“Can you list these items on Freecycle?” my mom asked, pointing to a pile in the corner of her living room. After 40 years in my childhood home, my mom has downsized to a townhome not far from where I live. Downsizing of square footage means downsizing of belongings; my sister and I have been assisting with listing items on Craigslist and Freecycle, sending things to Community Forklift, and scheduling charity pickups.
In this pile was a small piece of furniture, two paisley tapestry suitcases, and a mint green tumbled leather box with a handle and clasp. I knew what was inside: a Singer Featherweight 221 travel sewing machine. This little white sewing machine and its mint green box traveled with my mom overseas when she studied abroad in college and helped her create her wardrobe. The box was always around, usually near her sewing table that held her bigger more modern machine, ready to help out in an emergency. I took some pictures of the box, the sewing machine, and its accessories and went home to list it.
Before listing the sewing machine on Freecycle, I googled it. The box alone was a vintage treasure, I figured the machine was worth some money. A quick search on eBay showed the machine sold anywhere from $100 to $1,000 depending on color and condition. Preferring a quick sale over a lingering yet possibly lucrative one, I listed the machine on Craigslist with the price of $200.
The first email inquiry arrived five minutes later. A woman several states away was interested and had a friend who lived nearby who could get it for her. Within 24 hours, I had over 100 queries for the sewing machine, but agreed to work with the first individual. She got me in contact with her friend, we scheduled a time for pickup. I sent a generic email to the other individuals letting them know someone else got it but if they flaked I may contact them. Some replied with a thank you, a few replied to let me know I underpriced the machine, a few offered more money to possibly have me change my mind.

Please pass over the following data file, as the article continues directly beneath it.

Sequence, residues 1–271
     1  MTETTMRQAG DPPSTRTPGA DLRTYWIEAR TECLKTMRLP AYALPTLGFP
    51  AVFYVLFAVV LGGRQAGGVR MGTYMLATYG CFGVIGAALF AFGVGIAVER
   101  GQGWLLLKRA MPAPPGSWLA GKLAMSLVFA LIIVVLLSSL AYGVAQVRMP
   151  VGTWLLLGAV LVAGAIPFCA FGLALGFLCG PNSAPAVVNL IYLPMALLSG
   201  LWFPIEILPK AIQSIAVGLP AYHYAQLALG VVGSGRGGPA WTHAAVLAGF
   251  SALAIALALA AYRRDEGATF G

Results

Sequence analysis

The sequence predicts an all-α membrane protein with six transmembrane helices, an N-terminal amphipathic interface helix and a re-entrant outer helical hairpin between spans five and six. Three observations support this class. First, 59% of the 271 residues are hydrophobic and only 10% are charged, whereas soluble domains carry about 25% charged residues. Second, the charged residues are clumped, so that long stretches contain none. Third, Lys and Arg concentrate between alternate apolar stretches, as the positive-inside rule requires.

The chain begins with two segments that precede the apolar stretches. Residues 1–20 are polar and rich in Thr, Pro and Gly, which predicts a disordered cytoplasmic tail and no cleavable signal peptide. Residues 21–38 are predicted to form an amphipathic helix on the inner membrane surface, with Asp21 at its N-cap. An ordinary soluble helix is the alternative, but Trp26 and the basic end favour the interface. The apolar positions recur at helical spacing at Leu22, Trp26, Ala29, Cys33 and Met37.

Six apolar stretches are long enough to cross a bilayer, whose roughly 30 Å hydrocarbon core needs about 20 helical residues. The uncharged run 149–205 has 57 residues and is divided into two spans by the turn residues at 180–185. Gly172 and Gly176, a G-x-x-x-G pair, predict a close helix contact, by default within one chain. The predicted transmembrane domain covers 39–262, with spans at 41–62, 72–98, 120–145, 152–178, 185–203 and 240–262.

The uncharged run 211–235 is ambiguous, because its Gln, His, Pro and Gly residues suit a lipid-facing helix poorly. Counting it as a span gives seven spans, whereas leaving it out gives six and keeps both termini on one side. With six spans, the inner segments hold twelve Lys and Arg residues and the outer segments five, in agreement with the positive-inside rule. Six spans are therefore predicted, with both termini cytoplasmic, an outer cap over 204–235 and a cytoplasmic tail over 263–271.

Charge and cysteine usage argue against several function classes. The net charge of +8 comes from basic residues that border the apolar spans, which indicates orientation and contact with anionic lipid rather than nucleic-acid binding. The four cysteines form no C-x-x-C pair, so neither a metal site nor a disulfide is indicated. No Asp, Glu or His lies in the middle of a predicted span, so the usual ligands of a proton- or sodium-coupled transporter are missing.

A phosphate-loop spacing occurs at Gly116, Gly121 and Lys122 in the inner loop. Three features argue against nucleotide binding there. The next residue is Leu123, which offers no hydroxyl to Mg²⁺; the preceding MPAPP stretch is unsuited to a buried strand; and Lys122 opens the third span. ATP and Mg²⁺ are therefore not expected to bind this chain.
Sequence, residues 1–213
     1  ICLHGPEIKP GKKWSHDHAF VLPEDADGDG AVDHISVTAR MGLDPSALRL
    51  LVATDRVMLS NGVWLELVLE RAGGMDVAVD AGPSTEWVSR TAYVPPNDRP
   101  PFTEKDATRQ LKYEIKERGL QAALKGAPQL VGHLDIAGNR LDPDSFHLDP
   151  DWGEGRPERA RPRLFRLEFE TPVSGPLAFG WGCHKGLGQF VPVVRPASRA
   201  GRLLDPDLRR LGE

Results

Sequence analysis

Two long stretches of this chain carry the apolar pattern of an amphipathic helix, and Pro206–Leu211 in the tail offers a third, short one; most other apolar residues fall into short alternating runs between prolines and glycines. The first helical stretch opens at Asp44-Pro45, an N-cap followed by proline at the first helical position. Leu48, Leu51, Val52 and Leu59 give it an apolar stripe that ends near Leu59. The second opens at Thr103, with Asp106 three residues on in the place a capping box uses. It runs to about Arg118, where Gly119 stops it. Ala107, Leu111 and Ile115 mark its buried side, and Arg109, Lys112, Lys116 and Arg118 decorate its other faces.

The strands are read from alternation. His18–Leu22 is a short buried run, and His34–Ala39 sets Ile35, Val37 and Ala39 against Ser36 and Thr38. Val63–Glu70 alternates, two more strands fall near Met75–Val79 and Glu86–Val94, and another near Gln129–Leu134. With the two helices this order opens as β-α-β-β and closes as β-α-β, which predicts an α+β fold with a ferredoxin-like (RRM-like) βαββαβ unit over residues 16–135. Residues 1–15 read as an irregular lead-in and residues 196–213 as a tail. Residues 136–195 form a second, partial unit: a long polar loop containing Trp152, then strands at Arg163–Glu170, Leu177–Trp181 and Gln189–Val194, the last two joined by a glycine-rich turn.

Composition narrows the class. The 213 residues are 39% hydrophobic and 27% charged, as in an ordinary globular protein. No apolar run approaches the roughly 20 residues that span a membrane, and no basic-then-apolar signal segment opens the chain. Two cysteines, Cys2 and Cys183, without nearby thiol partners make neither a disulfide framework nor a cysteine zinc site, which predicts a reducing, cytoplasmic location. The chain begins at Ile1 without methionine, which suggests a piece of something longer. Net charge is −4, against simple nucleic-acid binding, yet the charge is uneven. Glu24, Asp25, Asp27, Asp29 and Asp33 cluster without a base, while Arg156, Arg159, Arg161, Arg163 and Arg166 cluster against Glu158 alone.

One wrote back, “Do you know a Carl Gary?”
Uh, yeah I do. Creepy. I hesitated, but wrote back,
“I do know of someone with that name. How do you know him?”
He replied with, “Was his father’s name [name]?”
Now I’m mega creeped out and start googling this guy. I’m showing the photos that pop up, Karl doesn’t recognize any of them.
“How do you know Carl?” I write, without any further information, making sure the doors to the house are locked. I’m ready for the next email to say, “I’m writing this from inside your house!”
The gentleman writes back, and instead of being a serial killer, he informs me that he worked with Karl’s dad. He attended the memorial service, and when I share all this, Karl realizes he does know this guy, just by his nickname, not given name. He’s a good egg, a nice guy, doesn’t live very far away.
We’re now Facebook friends.
“If the first buyer doesn’t work out, let me know. My sister in law would love it.” he messages me on Facebook, and compliments me on our Halloween costumes.
Friday, the first buyer was to meet with my mom before 11am. 11 came and went, no visit, no email, no call, nothing. That evening I emailed my new Facebook friend and let him know he was the new owner of the machine.
This week, I get an email from this man’s wife:
“My sister is thrilled with your mother’s featherweight! She has named it “Lilly” and will be taking it to quilting classes. [My husband] will take pictures of it in its new home tomorrow and send them to you to share with your mother.”
This story just tickles me so. I love that things worked out where a family friend ended up with the machine, and to know it is loved and getting a second life. My mom is also thrilled to know that the machine that she loved but wasn’t using is now bringing someone else lots of joy and convenience. It may be hard to let go of things that have memories, and maybe have monetary value. But knowing that like my mom’s Singer Featherweight, your items may get more love and use when in the possession of another makes parting much easier. Whether it’s a vintage sewing machine that crossed the oceans with you, a dress that no longer fits but was worn to many special events, or a bag that cost a pretty penny yet you hardly ever use, letting go may be the kindest thing you can do for yourself and the item!